Talk:The Creatures of Prometheus

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The article refers to a 'libretto' by Vigano - and if we pursue this to his Wikipedia article we find he was an innovator, and a well sought-after figure in ballet. Does this 'libretto' actually survive, even in outline? Without some indication of its content it's hard to follow the music - as the comment on it quoted makes only too clear. (talk) 12:40, 16 April 2016 (UTC)

According to a Chicago Symphony Orchestra programme note online this apparently is the summary provided for the first audience

'This allegorical ballet is based on the myth of Prometheus. The Greek philosophers, who knew of him, elucidate the story in the following manner—they depict Prometheus as a lofty spirit who, finding the human beings of his time in a state of ignorance, refined them through art and knowledge and gave them laws of right conduct. In accordance with this source, the ballet presents two animated statues who, by the power of harmony, are made susceptible to all the passions of human existence. Prometheus takes them to Parnassus, to receive instruction from Apollo, god of the arts, who commands Amphion, Arion, and Orpheus to teach them music; Melpomene and Thalia, tragedy and comedy. Terpsichore aids Pan, who introduces them to the Pastoral Dance, which he has invented, and from Bacchus they learn his invention—the Heroic Dance.'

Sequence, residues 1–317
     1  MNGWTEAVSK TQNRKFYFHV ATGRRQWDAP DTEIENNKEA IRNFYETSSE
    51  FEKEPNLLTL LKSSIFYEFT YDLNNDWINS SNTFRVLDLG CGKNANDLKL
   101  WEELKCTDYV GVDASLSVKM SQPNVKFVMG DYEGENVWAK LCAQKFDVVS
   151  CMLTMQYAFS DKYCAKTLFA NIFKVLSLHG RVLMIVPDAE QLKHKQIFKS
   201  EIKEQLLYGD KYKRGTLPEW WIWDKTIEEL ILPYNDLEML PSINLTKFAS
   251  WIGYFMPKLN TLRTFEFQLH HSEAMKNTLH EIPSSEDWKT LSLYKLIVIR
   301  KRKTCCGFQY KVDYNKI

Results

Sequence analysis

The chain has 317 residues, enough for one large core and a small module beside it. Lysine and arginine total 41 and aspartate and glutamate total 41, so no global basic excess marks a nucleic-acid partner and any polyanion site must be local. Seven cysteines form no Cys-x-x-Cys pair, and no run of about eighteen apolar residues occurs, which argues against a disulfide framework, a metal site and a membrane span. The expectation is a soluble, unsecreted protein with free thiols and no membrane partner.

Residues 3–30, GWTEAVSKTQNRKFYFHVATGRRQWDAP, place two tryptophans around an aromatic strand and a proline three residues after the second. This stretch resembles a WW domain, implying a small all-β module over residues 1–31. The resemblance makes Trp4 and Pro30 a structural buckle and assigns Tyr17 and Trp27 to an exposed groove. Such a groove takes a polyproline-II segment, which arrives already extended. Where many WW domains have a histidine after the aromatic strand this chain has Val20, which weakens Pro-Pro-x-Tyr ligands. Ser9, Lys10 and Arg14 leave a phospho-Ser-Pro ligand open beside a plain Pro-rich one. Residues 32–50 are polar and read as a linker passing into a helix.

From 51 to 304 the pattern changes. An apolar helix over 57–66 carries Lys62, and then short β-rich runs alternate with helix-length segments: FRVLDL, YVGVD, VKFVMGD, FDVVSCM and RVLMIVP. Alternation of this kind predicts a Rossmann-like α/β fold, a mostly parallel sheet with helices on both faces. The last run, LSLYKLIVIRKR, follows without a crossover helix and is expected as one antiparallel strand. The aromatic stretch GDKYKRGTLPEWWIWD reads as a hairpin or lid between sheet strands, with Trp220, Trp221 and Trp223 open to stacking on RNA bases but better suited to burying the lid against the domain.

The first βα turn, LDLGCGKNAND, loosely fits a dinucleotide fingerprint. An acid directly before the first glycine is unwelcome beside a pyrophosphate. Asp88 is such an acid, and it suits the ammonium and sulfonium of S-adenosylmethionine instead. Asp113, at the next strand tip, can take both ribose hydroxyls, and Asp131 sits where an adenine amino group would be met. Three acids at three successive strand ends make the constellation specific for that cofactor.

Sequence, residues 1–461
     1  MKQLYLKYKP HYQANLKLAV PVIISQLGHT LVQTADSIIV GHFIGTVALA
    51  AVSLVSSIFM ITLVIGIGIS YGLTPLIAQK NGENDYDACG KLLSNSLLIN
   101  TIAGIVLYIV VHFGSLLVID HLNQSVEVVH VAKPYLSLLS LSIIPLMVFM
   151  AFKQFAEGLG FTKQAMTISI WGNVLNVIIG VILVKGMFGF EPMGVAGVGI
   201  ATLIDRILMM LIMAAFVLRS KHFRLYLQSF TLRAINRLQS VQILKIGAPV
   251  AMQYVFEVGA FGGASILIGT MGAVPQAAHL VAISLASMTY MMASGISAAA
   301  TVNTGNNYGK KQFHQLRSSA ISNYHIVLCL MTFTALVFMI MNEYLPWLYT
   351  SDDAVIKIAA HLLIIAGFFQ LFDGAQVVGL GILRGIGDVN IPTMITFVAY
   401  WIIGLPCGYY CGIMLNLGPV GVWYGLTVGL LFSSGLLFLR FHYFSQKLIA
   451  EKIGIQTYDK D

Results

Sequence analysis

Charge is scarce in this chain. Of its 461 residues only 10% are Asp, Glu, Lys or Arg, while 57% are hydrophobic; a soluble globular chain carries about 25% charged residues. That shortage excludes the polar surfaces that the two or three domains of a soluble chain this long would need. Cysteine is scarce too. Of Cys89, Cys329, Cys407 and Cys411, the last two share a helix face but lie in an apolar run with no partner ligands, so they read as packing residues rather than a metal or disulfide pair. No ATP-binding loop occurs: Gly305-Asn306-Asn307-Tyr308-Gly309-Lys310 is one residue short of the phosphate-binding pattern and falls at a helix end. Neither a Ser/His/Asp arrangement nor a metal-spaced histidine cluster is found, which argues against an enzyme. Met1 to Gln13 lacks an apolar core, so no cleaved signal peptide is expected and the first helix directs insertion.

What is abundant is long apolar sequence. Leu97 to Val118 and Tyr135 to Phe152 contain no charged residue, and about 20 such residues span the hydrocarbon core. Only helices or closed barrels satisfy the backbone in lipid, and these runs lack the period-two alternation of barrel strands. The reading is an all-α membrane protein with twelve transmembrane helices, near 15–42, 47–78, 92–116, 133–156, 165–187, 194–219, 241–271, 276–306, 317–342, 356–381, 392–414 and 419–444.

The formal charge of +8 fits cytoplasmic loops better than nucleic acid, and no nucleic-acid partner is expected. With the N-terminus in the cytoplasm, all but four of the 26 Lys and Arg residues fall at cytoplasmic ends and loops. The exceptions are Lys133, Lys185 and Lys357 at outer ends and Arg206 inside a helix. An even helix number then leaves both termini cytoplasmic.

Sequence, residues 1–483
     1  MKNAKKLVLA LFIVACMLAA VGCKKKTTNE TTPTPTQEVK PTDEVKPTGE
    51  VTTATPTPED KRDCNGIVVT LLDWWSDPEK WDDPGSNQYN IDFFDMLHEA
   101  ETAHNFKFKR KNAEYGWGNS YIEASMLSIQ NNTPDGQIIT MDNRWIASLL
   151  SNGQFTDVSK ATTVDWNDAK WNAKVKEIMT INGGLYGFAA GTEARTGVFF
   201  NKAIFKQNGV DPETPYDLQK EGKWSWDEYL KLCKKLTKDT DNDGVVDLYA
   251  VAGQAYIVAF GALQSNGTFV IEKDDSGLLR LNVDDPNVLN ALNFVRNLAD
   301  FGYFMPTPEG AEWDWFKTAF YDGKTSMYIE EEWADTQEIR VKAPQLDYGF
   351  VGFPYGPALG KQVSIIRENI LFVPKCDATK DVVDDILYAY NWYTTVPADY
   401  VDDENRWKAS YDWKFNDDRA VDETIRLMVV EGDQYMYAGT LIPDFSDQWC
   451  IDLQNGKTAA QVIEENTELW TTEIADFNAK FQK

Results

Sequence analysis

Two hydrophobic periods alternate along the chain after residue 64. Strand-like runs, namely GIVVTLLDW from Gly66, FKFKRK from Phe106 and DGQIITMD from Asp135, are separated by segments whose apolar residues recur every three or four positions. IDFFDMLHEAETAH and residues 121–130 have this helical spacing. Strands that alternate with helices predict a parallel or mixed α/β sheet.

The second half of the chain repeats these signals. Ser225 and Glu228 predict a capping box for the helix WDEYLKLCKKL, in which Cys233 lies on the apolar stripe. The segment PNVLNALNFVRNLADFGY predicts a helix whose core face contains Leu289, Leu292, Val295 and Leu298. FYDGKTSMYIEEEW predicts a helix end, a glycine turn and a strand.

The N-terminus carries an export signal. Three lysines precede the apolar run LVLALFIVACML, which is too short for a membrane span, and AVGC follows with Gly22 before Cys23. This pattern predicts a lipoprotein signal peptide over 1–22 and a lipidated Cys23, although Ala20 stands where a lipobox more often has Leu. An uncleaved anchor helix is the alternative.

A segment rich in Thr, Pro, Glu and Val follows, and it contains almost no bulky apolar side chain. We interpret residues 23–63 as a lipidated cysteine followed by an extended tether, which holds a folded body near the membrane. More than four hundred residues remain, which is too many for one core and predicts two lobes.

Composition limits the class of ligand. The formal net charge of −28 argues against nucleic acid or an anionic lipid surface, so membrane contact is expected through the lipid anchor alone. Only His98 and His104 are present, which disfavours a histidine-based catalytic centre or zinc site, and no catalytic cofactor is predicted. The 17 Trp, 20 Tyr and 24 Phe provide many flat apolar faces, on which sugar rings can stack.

This might help listeners to place some of Beethoven's writing. The attribution of the 'Heroic Dance' to Bacchus might be more than just interesting in view of the relationship between the closing scene of the ballet and the finale of the 'Eroica' Symphony. It might also be that the issue of law-giving and 'right conduct' isn't all that far from Beethoven's interest in Napoleon, and the wider cultural issues raised , for example, by Goethe in 'Natur und Kunst' and others. There's more to the 'Eroica' than the dedication page. (talk) 12:53, 16 April 2016 (UTC)